Uncharted waters are often choppy and fraught with peril. Yet, as the early explorers discovered, once the journey is complete there are often untold riches to be found in new lands.

Although global sourcing is becoming more common, it was new territory three years ago when General Motors Corp.'s minivan purchasing team opened component bidding to companies worldwide.

One danger on the high seas of global sourcing was a more time-consuming process for some components. Riches discovered in purchasing's new world included lower parts costs and access to the brainpower of new suppliers.

"I think (the process) went extremely well," says John Sanchez, the minivan's purchasing program manager. "It was a learning process."

Some minivan suppliers complain that globalization of purchasing added so many new companies to the mix that it took longer to make sourcing decisions. This goes against the new trend of getting suppliers in sooner to make the process run more smoothly.

"In some cases it might have taken longer to get quotes out and in:" admits Mr. Sanchez. "It just means that we have to start earlier in the future."

Offsetting the delay, he says, GM invited key "cooperative suppliers" to work with its engineers so they could bounce ideas off them and discuss manufacturing processes without committment to the final component contract. "That happened sooner than in the past," he says.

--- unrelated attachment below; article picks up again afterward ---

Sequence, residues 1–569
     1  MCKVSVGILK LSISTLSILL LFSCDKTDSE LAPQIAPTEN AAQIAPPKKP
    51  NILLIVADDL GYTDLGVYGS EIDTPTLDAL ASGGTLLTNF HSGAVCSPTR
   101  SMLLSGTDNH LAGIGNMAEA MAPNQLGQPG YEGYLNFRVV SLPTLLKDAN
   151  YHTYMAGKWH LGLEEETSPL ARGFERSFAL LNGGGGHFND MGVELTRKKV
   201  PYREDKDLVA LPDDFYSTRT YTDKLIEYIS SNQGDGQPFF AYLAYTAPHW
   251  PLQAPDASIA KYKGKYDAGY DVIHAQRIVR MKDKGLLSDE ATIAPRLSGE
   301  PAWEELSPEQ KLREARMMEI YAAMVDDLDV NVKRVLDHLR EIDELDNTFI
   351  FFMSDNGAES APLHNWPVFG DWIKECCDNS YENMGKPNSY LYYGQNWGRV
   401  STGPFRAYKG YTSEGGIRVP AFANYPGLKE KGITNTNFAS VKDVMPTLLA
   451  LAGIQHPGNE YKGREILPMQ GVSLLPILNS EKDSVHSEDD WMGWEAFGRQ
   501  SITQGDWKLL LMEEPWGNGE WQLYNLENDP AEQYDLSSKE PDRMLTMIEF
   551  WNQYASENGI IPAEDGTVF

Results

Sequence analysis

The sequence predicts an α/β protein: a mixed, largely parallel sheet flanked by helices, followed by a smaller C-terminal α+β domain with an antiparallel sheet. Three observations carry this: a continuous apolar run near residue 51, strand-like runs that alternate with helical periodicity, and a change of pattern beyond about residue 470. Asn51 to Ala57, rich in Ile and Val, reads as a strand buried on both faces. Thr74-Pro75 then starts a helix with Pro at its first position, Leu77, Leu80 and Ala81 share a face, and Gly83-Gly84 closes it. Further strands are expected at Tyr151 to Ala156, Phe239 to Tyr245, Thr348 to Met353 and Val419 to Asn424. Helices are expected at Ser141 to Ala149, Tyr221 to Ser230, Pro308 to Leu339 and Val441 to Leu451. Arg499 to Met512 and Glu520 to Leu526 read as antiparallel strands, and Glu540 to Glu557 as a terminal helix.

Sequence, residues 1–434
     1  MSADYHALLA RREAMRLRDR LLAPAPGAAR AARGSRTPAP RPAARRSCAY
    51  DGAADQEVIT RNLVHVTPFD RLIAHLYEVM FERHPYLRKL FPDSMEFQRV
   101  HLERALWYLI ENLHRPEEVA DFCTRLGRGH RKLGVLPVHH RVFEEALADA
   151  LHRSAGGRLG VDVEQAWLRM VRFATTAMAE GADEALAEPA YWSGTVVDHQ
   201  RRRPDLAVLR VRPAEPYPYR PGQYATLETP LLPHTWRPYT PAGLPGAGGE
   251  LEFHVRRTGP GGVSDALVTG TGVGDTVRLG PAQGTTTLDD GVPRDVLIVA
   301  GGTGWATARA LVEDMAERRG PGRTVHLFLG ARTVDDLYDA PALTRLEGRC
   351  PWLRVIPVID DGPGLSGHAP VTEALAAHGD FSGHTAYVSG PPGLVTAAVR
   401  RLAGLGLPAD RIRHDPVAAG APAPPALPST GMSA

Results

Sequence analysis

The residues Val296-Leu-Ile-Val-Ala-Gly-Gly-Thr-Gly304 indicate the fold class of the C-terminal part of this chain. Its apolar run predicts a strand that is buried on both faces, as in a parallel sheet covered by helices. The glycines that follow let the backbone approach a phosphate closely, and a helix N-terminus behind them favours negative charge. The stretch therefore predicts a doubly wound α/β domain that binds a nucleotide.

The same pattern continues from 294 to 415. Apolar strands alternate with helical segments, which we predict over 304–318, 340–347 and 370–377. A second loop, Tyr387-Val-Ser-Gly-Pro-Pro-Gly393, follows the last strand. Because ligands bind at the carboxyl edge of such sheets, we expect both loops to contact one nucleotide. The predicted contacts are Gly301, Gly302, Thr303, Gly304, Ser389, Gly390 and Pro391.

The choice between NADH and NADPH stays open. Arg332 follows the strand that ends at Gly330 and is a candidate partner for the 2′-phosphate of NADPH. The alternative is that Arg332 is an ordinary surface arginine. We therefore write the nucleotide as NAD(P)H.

"(The new process) made the market more competitive and we got more competitive quotes from suppliers," he adds. "It also brought more suppliers into the NAO supplier base."

Eighty of the vehicle's suppliers are based overseas. Twenty, says Mr. Sanchez, have put plants in North America to supply the vehicle. "A handful even located within a couple hours of the plant," he notes.

Because the European version -- Opel Sintra -- will come equipped with its own engine, the Opel people requested that Mr. Sanchez and his team use its suppliers, "even down to nuts and bolts:" to help reduce complexity.

European companies also are supplying the taillights, fascia, exhaust system and alternator. Each is a previous Opel supplier.

As much as the platform team may appreciate its new suppliers, an old favorite -- GM's Delphi Interior and Lighting -- also brought innovation to the table. Delphi came out on top in global sourcing battles for the new minivan's forward lighting (headlamps and turn signals), light-emitting diode (LED) center-mounted stop lamp, Super Plug door moddle, passenger-side air bag, steering wheel and driver air bag and power sliding door module.

To minivan retrofitting headlamps for export to Europe, Delphi designed them to meet both domestic and European standards. Delphi's new Super Plug plastic door module (which combines some 60 parts into one molded-plastic unit) helped the platform team meet its goals to reduce cost, complexity and assembly hours. Beyond that, Delphi worked with instrument panel supplier Textron Automotive to deliver an IP with the passenger-side air bag already installed.